Teaching The Trivium: A Review
Dear readers, our topic for today is one of the most important books of this century: Teaching the Trivium: Christian Homeschooling in a Classical Style, Harvey and Laurie (RIP) Bluedorn, Trivium Pursuit, Muscatine, Iowa (2001). If my review drives home nothing else, then I must at least emphasize that this book is critical to those who either have young children or who intend to have young children. It’s also important for those with older children, or grandchildren, along with those who have no children, or those who only want to further their own intellectual development. It is a cogent defense of and general plan for preserving high Christian Civilization.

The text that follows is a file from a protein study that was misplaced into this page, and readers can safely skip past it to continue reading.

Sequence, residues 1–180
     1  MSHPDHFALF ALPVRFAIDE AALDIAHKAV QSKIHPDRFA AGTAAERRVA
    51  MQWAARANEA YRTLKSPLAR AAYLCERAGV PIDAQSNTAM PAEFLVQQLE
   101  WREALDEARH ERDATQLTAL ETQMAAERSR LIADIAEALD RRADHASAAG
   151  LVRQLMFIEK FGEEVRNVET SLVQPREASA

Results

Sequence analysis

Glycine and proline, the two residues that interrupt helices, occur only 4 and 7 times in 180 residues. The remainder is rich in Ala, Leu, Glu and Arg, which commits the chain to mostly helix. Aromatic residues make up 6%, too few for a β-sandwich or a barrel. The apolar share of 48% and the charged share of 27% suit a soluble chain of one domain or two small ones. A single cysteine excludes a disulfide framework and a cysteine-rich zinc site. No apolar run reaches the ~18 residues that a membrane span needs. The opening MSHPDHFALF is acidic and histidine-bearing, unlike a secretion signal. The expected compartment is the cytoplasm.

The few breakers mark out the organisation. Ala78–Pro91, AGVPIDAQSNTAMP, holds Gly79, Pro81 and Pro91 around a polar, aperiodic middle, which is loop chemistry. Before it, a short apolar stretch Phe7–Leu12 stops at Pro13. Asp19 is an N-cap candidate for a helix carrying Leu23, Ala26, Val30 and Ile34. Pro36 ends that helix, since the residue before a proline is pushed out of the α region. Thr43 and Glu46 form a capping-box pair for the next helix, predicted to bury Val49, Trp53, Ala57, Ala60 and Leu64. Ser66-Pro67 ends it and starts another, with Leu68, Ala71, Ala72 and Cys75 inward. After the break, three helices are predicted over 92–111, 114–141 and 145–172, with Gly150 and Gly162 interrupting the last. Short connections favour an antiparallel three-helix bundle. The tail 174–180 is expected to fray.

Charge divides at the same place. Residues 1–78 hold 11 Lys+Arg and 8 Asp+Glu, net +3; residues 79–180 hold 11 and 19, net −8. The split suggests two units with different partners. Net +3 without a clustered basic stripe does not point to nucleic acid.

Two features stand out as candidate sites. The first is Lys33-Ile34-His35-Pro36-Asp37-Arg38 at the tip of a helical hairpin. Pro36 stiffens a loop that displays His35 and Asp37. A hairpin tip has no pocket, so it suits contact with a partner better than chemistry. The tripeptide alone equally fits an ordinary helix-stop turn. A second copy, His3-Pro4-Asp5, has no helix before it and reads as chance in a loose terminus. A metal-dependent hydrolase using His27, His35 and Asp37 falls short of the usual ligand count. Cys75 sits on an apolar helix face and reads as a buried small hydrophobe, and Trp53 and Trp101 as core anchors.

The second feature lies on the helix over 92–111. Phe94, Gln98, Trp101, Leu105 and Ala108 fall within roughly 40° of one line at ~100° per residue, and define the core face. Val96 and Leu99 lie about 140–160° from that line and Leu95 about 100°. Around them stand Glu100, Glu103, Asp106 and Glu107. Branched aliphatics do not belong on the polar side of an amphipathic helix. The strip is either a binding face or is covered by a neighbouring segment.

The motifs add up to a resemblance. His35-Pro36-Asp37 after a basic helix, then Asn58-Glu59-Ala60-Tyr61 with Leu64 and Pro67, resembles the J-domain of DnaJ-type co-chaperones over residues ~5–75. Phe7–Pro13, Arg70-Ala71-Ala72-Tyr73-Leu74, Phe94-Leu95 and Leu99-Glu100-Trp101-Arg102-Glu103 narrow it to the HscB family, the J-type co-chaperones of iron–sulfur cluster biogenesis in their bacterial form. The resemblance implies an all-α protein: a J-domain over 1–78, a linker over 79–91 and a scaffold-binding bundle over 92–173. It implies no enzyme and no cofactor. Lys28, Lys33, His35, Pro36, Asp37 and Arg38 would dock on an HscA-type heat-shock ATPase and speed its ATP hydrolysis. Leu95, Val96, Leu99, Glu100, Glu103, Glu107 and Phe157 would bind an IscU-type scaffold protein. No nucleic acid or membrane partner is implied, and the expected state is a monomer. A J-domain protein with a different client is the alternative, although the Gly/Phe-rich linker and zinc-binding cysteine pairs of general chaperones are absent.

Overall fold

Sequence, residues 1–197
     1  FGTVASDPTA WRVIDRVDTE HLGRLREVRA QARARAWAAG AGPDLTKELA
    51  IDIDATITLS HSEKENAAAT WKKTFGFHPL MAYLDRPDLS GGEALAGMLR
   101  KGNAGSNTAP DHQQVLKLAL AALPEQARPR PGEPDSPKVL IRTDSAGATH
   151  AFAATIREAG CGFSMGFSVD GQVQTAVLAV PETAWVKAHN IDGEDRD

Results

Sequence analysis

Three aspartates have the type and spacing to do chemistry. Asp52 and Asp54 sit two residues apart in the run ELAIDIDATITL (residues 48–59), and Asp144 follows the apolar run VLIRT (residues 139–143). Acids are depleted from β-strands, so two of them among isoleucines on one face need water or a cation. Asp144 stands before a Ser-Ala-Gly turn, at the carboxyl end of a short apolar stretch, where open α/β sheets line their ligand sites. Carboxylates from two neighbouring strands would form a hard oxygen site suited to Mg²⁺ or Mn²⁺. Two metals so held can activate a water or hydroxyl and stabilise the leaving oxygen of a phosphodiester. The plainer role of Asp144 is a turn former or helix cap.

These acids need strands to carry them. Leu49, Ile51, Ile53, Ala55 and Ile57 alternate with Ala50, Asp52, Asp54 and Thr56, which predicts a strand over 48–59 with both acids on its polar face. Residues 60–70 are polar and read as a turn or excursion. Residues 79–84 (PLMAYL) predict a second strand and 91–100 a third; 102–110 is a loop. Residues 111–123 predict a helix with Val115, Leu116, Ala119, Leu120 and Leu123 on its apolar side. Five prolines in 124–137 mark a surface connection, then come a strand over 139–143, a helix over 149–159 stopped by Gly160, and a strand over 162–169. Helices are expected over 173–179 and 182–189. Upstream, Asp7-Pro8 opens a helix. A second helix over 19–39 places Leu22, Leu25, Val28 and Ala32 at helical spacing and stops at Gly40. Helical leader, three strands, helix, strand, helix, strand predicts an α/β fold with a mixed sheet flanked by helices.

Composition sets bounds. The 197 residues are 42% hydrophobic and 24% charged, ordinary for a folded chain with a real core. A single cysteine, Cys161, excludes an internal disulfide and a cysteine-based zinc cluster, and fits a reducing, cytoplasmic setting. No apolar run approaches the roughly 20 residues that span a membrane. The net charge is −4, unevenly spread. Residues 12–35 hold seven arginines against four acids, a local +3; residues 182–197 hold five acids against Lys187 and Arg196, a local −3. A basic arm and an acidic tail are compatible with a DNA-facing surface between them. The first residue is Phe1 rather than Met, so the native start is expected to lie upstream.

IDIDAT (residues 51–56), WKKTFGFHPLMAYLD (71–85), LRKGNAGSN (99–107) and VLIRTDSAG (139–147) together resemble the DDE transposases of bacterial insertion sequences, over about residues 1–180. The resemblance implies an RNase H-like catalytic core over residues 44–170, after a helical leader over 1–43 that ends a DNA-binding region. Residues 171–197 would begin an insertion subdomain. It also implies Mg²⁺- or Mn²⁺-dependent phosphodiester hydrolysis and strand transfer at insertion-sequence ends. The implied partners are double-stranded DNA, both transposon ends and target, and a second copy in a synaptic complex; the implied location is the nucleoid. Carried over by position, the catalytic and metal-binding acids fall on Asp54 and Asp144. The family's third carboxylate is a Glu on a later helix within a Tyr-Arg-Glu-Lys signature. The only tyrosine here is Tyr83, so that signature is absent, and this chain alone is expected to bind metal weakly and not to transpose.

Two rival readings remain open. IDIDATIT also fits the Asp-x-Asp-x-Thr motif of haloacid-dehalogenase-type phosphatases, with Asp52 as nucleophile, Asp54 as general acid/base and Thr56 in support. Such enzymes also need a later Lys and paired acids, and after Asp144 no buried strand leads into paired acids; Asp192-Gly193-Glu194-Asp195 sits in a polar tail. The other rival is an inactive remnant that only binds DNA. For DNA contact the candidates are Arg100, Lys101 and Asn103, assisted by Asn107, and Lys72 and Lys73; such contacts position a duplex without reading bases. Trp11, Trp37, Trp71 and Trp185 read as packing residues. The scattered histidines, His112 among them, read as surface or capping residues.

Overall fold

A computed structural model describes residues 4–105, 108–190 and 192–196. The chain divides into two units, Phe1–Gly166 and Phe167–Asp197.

Do not send children to schools. Let that stand as my second critical point. Please take all contrary excuses and burn them. I am angered by the fact that generation after generation of our children (this includes you, your children, your grandchildren, your parents, and even your grandparents) have been, are being, or will be misled or forced into the same trap. Most people do not realize what they’ve missed and what we’ve collectively lost. Teaching the Trivium sheds a bright light on this tragedy while offering a wonderful escape from it.
When I finally sat down with the book and started thumbing through it, I was struck by how comprehensive the Table of Contents alone is, and how much the relayed organizational wisdom differs from what passes for institutional educational doctrine. For purposes of commentary, I reproduce a small segment, for Chapter One:
(Bluedorns, Trivium, page 11).